Hotel staff, as is customary in Italy, immediately passed on the
information to local police, which carried out a routine check in
databases of the Italian national police and Interpol.
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After the cross-checks revealed to Bologna police that Weil had a
pending U.S. arrest warrant against him, officers went to I Portici
and knocked on Weil's door at 1:45 am.
The banker opened the door in his pajamas and did not realize he was
about to be arrested until an interpreter was brought in, according
to a police report reviewed by Reuters.
Since the arrest, Weil has spent more than six weeks at Dozza, a
prison that hosts twice the number of prisoners it can legally
contain and where inmates use communal showers and cook their own
meals. They live in 10-square-metre cells with one or two other
inmates, two sources at the prison said.
Weil speaks German, English, French and Spanish beyond his native
Swiss-German but no Italian, meaning he could hardly communicate
with inmates and guards.
He turned 54 in the prison.
"The Dozza jail is one of Italy's most overcrowded. There is no
separation between white-collar crimes and other crimes, so the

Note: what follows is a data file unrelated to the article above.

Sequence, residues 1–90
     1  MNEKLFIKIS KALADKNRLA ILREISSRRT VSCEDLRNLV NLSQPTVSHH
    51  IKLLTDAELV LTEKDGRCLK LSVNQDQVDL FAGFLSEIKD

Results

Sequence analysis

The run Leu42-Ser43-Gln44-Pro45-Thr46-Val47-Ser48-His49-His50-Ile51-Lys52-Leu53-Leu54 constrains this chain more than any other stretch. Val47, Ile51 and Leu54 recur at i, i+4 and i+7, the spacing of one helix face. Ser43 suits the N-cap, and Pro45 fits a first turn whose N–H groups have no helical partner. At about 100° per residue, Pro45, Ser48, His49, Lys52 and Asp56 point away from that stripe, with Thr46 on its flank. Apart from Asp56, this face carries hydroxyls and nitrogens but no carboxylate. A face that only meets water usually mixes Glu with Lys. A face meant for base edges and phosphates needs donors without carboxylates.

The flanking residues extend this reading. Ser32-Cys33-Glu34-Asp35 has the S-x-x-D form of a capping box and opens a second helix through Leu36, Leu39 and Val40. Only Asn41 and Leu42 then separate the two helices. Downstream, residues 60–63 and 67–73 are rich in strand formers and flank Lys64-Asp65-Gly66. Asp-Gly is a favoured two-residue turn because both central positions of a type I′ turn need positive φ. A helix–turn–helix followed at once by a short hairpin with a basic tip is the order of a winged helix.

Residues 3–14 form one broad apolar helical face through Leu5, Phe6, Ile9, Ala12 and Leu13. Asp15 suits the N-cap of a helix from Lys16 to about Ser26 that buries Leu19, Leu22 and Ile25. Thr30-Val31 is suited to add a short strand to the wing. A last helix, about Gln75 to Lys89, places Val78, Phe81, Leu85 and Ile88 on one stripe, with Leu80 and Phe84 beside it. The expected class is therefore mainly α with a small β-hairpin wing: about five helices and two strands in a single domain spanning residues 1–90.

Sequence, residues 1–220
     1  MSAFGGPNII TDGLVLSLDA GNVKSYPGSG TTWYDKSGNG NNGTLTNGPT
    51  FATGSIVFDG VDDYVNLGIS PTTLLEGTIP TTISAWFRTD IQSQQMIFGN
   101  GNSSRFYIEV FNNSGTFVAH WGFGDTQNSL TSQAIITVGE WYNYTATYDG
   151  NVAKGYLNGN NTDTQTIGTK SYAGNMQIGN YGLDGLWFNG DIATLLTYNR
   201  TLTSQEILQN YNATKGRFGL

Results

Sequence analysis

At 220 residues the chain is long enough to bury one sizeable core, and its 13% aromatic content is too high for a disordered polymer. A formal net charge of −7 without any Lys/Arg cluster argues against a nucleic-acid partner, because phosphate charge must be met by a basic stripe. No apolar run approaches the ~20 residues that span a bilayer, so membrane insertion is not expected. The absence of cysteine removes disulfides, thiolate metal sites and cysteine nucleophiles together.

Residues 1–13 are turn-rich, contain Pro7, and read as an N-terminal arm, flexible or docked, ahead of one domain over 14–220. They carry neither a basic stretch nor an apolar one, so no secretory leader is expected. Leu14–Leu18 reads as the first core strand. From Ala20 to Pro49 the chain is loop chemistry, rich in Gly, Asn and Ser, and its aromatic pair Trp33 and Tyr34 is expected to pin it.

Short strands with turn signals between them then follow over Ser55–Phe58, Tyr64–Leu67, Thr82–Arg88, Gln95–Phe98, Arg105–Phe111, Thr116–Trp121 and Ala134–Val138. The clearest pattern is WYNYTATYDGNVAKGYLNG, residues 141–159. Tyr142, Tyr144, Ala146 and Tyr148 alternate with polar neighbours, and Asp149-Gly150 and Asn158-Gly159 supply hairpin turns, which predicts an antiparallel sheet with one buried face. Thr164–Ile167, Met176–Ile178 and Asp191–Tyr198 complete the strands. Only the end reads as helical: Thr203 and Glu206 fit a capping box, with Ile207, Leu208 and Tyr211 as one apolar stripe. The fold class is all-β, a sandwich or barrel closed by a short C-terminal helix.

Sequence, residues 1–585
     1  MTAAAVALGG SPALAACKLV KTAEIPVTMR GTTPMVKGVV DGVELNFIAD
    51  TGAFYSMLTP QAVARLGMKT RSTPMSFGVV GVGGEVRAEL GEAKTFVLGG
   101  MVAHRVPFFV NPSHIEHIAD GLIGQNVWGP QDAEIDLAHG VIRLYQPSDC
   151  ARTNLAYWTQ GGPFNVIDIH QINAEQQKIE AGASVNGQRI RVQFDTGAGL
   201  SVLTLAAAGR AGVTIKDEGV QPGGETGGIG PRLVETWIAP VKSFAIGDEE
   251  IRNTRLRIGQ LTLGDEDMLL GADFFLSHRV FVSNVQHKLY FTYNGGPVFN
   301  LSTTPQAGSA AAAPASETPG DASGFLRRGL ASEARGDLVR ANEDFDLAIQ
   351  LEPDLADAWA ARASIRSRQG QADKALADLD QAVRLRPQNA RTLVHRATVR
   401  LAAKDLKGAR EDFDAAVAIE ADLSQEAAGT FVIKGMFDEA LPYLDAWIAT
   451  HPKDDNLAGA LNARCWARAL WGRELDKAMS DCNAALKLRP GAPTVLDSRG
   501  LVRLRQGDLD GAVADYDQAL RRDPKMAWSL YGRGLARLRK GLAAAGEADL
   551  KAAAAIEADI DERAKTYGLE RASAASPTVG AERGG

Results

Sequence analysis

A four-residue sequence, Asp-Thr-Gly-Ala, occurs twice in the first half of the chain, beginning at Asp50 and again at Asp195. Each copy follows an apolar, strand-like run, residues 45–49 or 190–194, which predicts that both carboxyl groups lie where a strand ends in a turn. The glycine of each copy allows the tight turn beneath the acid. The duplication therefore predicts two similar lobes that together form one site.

banker could be sharing a cell with a murderer or a drug dealer,"
said Giovanni Durante, from Italy's jail police union.
At his first appearance at a Bologna court after his arrest, Weil
looked tired and unshaven in a simple blue jumper with no shirt, a
world apart from the elegant banker used to bespoke suits.
He arrived to the court building handcuffed and escorted by police.
He spent a few minutes with his wife in a room near the court room.
During the hearing, in which judges were examining Weil's request to
be granted house arrest, he said through an Italian interpreter that
he was not trying to evade U.S. justice, according to excerpts of
the banker's statement included in the court's written decision to
reject the house arrest request.
Weil said he was not aware that the U.S. had issued an arrest
warrant against him, according to the decision.
In rejecting the request, the judge said Weil was "devoid of any
roots on the Italian territory and that, due to his job, could count
on economic resources and help from abroad," according to the
Weil's reference to possible U.S. pressure to reveal the names of
other potential American tax evaders points to the wide implications
of the trial.
His extradition comes as Swiss banks grapple with a U.S. offer to
come clean by year-end on their American clients and face fines, an
investigation spawned by UBS's landmark settlement.
"Thousands of Americans have come forward since the UBS case, but we
know, from lawsuits filed in Switzerland, that there are still
people out there trying to fight the disclosure of tax information,"
said Stuart Gibson, an ex-Department of Justice tax attorney who had
a prominent role in the UBS case.
Gibson said Weil's trial is likely to be followed by tax authorities
in other countries as well. "Germany has got a lot of people in the
same position and so have other European countries like France,
Britain and Italy," he said.
(Additional reporting by Katharina Bart
and Patrick Temple-West; writing by Lisa Jucca; editing by
Alessandra Galloni and Philippa Fletcher)